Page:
Current Status of Live Attenuated Influenza Vaccine in the United States for Seasonal and Pandemic Influenza

Christopher S. Ambrose; Catherine Luke; Kathleen Coelingh

Disclosures

Influenza Resp Viruses. 2008;2(6):193-202. 

In This Article

Live Attenuated Vaccines Against Pandemic Influenza

The emergence and spread of highly pathogenic avian influenza (HPAI) A/H5N1 viruses in avian populations since 2003 and the concurrent infections in humans have prompted efforts to develop vaccines for use in the event of an influenza pandemic. Most pandemic influenza vaccines currently licensed or in development target the H5N1 subtype and are inactivated injectable vaccines administered with or without adjuvant. It is important that every avenue for vaccine development be explored as part of pandemic preparedness activities. Live attenuated influenza vaccines against potential pandemic influenza A viruses are being developed in the United States and in Russia. Both approaches capitalize on the use of the technology and infrastructure already in place for seasonal LAIV, using MDVs that display ts, ca, and att phenotypes. Based on the experience with LAIV for seasonal influenza, it is reasonable to expect that potential advantages of using live attenuated vaccines against pandemic influenza include rapid induction of mucosal and systemic humoral and cell-mediated immune responses and broad cross-protection against antigenically distinct viruses.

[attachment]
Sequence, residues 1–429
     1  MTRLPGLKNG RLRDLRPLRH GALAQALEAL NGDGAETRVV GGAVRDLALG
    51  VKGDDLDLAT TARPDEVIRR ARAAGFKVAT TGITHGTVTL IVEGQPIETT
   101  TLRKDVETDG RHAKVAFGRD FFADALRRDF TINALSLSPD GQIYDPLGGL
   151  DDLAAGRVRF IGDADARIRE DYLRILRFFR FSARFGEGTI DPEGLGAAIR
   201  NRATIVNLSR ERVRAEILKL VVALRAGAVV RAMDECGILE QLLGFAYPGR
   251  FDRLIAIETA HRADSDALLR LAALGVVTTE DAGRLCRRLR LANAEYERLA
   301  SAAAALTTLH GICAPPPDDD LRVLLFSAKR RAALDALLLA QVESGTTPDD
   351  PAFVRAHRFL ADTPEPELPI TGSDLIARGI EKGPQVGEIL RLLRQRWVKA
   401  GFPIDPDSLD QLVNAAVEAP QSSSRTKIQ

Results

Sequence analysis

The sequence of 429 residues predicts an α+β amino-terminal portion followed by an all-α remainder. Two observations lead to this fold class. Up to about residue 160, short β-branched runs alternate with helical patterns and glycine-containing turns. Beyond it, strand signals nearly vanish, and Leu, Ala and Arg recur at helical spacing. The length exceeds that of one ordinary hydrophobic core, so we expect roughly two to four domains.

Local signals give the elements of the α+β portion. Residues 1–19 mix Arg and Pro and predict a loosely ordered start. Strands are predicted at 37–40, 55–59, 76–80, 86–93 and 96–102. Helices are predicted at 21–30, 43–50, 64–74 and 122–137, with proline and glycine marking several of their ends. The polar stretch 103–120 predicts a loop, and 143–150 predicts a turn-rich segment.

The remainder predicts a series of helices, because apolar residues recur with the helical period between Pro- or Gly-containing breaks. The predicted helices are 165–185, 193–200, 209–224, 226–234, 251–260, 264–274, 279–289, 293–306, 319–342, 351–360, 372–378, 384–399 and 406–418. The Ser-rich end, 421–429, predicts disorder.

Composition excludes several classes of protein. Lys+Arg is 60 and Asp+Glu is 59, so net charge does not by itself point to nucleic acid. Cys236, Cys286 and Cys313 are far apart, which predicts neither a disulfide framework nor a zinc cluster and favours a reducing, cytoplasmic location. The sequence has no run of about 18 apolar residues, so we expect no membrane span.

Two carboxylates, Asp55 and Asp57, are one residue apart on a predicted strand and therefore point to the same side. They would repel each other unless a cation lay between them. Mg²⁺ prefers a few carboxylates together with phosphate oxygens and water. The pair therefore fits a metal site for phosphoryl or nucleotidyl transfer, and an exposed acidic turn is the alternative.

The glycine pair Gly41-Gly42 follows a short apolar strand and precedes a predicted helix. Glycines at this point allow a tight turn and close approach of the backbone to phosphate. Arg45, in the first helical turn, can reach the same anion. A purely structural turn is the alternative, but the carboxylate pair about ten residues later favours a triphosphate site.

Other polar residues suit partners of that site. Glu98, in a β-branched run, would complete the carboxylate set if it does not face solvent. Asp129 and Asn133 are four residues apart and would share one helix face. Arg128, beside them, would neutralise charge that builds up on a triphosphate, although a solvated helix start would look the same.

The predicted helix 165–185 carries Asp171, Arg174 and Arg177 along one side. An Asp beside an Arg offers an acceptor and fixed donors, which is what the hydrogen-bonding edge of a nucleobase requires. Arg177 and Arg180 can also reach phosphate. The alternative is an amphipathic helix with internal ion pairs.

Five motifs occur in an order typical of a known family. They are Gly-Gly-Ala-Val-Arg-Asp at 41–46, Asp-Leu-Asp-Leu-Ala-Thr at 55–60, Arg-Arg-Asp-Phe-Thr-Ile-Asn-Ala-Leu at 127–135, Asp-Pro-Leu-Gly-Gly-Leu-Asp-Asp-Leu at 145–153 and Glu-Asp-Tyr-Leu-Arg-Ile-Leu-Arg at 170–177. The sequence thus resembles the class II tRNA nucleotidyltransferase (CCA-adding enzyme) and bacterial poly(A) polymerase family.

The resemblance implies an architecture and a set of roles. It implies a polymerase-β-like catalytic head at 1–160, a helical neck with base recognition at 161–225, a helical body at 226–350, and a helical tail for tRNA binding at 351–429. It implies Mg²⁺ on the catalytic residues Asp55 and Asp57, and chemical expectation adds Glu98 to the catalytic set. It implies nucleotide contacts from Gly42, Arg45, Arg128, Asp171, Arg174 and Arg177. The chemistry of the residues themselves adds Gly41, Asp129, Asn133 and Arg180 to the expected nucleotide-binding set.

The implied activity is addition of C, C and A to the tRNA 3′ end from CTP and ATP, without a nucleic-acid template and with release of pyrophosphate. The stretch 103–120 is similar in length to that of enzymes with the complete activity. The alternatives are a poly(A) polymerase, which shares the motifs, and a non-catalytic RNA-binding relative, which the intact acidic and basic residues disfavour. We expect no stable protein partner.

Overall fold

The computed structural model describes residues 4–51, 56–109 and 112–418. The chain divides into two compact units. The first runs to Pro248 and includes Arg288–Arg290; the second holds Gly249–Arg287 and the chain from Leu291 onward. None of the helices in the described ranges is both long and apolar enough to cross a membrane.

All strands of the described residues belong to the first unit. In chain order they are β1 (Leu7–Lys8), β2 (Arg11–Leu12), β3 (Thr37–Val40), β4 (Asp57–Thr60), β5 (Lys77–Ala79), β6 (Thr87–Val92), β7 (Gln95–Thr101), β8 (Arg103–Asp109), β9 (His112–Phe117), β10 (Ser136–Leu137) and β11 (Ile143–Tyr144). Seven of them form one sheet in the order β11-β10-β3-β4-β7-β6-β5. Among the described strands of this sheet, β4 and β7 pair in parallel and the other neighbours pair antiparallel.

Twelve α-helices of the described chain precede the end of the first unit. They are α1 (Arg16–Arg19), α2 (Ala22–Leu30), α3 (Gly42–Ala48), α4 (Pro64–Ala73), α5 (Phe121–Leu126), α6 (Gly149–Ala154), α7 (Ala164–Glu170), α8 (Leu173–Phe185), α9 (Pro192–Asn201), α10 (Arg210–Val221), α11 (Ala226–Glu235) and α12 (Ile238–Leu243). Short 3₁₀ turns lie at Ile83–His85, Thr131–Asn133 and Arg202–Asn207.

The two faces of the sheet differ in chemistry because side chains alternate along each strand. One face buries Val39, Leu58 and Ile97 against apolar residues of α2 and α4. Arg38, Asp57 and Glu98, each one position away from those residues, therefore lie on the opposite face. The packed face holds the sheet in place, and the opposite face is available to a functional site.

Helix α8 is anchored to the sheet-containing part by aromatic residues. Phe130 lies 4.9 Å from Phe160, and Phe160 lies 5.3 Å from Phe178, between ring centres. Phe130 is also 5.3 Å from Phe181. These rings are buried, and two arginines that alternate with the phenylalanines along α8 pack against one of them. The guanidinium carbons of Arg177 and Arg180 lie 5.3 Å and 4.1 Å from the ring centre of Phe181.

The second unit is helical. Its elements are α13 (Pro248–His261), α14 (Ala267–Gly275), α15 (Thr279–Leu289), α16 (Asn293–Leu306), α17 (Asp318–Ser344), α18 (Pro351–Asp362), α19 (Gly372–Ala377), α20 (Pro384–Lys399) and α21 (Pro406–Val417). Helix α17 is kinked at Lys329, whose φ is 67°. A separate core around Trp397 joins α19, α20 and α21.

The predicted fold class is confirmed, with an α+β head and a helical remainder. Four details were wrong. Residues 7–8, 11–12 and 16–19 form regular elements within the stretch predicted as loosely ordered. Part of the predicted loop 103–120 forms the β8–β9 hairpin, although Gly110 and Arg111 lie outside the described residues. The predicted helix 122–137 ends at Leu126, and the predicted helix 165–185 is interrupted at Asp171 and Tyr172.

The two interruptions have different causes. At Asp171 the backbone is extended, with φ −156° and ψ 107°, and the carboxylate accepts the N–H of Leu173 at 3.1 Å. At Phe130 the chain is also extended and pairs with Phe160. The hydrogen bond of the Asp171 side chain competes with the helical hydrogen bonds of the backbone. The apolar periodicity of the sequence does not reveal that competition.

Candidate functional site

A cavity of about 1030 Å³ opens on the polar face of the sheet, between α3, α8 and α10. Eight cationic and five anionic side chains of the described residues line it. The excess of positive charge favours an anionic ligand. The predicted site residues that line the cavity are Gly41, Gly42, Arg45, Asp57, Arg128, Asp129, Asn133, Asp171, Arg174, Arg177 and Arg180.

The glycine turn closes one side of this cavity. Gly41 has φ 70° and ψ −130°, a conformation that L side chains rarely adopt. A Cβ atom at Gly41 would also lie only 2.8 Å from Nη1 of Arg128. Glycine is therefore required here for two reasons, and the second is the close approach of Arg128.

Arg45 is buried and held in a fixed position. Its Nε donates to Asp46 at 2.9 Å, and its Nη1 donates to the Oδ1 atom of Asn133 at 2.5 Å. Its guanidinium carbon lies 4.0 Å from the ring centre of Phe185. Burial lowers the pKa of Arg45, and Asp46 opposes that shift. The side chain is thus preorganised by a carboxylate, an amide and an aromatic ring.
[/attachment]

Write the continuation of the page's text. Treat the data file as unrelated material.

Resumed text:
In collaboration with MedImmune, the NIH (Bethesda, MD, USA), is engaged in a program to develop candidate pandemic LAIV (pLAIV) for use in the event of a pandemic. The candidate vaccines will be 6:2 reassortants, generated by reverse genetics, with the HA and NA genes of an influenza virus of pandemic potential, and the six internal protein genes of the cold-adapted MDV-A virus. The use of reverse genetics allows the removal of virulence motifs such as the multibasic cleavage site in the HA of HPAI viruses that is a known virulence factor in poultry.[47] The candidate vaccines will be thoroughly characterized in preclinical studies and evaluated for safety, infectivity, and immunogenicity in phase I clinical trials in healthy adults. Clinical studies are being conducted in inpatients at the Center for Immunization Research, Johns Hopkins Bloomberg School of Public Health (Baltimore, MD, USA). The studies will establish the proof of principle of the utility of such vaccines in the event of an influenza pandemic.

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